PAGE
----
The decisions taken about nuclear power and its production in the one-time USSR had horrible effects far away from Coherently plant. The reprocessing of nuclear waste is a global industry, and the search for places to leave nuclear waste is a global one, watching Australia apparently being particularly attractive for BONN. The complexity of these relations and the world-wide focus of the search for a site are, at least, consistent with the globalization thesis..
As the World Bank memo suggests, there is a new logic’ which argues that flows of Nuclear waste from the richer countries (North) to the poorer countries (South), also called ‘lesser-developed countries’ is a ‘world welfare enhancing trade’, because places with big open spaces and little Nuclear waste are able to store the waste ND will receive money in exchange, so that their incomes are raised. This is a logic that builds on and reshapes existing patterns of uneven global development. The intensity of the interactions is apparent too.
An explosion in Coherently had a measurable effect thousands of meters away, as well as on the local environment. Local opposition to plans to dump nuclear waste in Cambric could have a dramatic effect on the other side of the globe, where it is feared that children may be poisoned by the new Nuclear waste. Some might argue that Australian Aborigines faced similar threats when they were removed from the land but this time the logic is driven by the requirements of global business rather than simple colonialism. In this context, it is also important to confirm that the impacts of globalization processes are geographically uneven.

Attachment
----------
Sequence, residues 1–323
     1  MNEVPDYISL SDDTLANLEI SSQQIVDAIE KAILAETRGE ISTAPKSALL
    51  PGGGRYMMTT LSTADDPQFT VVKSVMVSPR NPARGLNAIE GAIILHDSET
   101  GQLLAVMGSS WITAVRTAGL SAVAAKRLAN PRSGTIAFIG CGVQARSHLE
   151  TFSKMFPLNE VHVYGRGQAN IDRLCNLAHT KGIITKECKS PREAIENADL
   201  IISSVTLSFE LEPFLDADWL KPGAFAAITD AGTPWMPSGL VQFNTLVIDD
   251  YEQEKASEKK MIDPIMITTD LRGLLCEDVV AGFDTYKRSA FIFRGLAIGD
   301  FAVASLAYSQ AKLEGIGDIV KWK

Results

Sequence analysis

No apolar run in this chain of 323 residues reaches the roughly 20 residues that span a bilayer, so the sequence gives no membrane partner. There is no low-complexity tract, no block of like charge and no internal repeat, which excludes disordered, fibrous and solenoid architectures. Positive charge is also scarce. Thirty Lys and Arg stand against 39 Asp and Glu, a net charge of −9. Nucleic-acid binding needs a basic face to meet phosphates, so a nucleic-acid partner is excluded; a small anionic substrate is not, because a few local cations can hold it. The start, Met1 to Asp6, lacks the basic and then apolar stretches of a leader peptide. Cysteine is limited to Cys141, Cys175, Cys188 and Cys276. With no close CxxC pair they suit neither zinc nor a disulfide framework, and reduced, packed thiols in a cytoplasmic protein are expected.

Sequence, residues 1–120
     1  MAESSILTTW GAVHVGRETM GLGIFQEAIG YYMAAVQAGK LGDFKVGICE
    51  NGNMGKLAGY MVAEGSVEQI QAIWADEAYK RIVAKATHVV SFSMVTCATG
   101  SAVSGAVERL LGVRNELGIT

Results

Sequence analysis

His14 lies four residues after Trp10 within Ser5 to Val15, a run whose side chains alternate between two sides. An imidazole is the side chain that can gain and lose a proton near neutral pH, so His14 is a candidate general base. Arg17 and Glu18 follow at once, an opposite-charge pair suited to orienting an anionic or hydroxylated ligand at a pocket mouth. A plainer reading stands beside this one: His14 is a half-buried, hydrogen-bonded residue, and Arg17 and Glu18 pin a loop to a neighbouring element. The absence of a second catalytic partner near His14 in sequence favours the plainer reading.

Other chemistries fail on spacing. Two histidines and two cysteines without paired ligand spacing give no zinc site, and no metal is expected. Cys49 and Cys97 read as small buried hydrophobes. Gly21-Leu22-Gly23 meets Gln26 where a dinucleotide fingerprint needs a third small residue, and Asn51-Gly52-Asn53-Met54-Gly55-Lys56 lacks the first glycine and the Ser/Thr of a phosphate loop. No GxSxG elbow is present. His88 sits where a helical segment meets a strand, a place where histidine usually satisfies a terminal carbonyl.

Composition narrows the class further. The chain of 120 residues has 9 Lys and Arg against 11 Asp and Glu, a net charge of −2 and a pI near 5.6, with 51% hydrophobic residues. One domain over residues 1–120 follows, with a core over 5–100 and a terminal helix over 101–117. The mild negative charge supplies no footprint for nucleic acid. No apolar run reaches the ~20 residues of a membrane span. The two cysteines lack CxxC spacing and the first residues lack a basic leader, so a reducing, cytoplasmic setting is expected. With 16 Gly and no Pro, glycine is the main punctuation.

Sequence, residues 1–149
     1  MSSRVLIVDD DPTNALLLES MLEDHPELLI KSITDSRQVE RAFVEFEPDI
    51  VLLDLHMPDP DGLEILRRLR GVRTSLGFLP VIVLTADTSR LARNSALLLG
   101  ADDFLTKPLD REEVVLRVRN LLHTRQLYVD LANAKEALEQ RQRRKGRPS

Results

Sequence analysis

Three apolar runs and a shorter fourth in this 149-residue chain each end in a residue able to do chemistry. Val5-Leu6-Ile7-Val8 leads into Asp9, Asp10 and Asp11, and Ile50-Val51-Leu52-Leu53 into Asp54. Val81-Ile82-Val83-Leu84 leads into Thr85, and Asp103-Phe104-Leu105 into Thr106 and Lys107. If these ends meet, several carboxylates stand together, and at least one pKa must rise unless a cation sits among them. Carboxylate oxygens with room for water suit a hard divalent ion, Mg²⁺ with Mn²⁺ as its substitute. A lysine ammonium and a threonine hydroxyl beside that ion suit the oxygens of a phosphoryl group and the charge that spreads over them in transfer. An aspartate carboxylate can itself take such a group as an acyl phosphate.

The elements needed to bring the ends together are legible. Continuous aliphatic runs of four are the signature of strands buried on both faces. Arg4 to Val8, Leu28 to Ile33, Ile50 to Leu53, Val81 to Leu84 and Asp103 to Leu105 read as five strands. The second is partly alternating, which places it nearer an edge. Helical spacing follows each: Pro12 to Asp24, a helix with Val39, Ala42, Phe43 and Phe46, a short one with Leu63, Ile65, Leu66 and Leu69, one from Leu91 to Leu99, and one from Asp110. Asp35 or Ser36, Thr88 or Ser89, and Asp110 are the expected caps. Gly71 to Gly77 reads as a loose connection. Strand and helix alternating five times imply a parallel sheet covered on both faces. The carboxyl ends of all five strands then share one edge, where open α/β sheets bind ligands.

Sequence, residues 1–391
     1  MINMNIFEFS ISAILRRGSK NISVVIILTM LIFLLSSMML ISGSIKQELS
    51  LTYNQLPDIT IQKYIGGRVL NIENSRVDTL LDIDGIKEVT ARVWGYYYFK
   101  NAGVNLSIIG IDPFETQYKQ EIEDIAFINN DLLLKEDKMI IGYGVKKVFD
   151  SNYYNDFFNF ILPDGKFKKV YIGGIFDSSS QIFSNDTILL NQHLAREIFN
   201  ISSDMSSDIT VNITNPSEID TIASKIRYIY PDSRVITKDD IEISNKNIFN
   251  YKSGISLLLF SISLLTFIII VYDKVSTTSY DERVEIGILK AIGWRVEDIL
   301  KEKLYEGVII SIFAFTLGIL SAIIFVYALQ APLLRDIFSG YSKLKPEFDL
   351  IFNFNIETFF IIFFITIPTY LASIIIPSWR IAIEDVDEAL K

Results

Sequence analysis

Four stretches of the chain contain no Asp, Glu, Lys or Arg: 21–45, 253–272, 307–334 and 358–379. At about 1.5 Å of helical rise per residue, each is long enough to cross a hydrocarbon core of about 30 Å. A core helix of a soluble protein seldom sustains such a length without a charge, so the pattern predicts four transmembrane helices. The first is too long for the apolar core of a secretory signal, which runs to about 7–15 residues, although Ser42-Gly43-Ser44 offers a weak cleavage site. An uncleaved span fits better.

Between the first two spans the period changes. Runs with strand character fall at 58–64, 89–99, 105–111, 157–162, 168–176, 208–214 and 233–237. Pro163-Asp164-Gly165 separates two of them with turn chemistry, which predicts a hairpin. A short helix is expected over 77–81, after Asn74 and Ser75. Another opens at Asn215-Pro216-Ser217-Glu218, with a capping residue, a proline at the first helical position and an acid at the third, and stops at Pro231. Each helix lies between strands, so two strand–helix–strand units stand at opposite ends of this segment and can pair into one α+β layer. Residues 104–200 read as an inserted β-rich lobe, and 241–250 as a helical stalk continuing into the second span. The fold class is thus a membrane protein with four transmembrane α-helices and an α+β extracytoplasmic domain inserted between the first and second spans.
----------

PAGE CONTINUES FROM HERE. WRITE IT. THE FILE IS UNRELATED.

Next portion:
While trade in waste is global, the impacts of Nuclear waste and the sitting of waste dumps are local. In other words, the consequences of global decisions are felt more intensely in some places than in others, this could explain and reinforce the differences of power between relations. Interpenetration: the impact of the Coherently incident on Britain and the potential impact of Banc’s investment decision on Australia are obvious, but interpenetration would presuppose that there is also some sort of impact back.
The case of Coherently certainly led to increased global concerns about the regulation of the nuclear industry, but it helped to confirm the Soviet Union’s weaknesses as a technological superpower, playing a part in rushing the collapse of the existing state system. The role of Syllabified in Britain as a reprocess of nuclear waste from Japan as well as Britain, the production of lutetium for the British and US nuclear industries, as well as the receptor of waste to other sites suggests that a complex process of interaction is taking place through the global nuclear industry.
And the way in which the local reactions to proposals to build the nuclear waste repository in Australia quickly ended up in the pages of newspapers (such as the Observer) back in the SKI, suggests that there is a two-way process at work. To end we can say that the emergence of global institutional infrastructures and networks support much of the discussion around nuclear waste riddance. The World Bank certainly sees itself as having such a role as a key element in the global economic and trading infrastructure.
However, it is important to note both that some of the transnational infrastructure is rudimentary and that in the case of Coherently it was the inadequacy of any transnational regulatory agencies that helped to create the crisis. Some would argue that the key us porting of globalization is simply the maintenance of a ‘liberal’ system of global trade, which ensures that the main economic players are allowed to move where and when they want without restriction.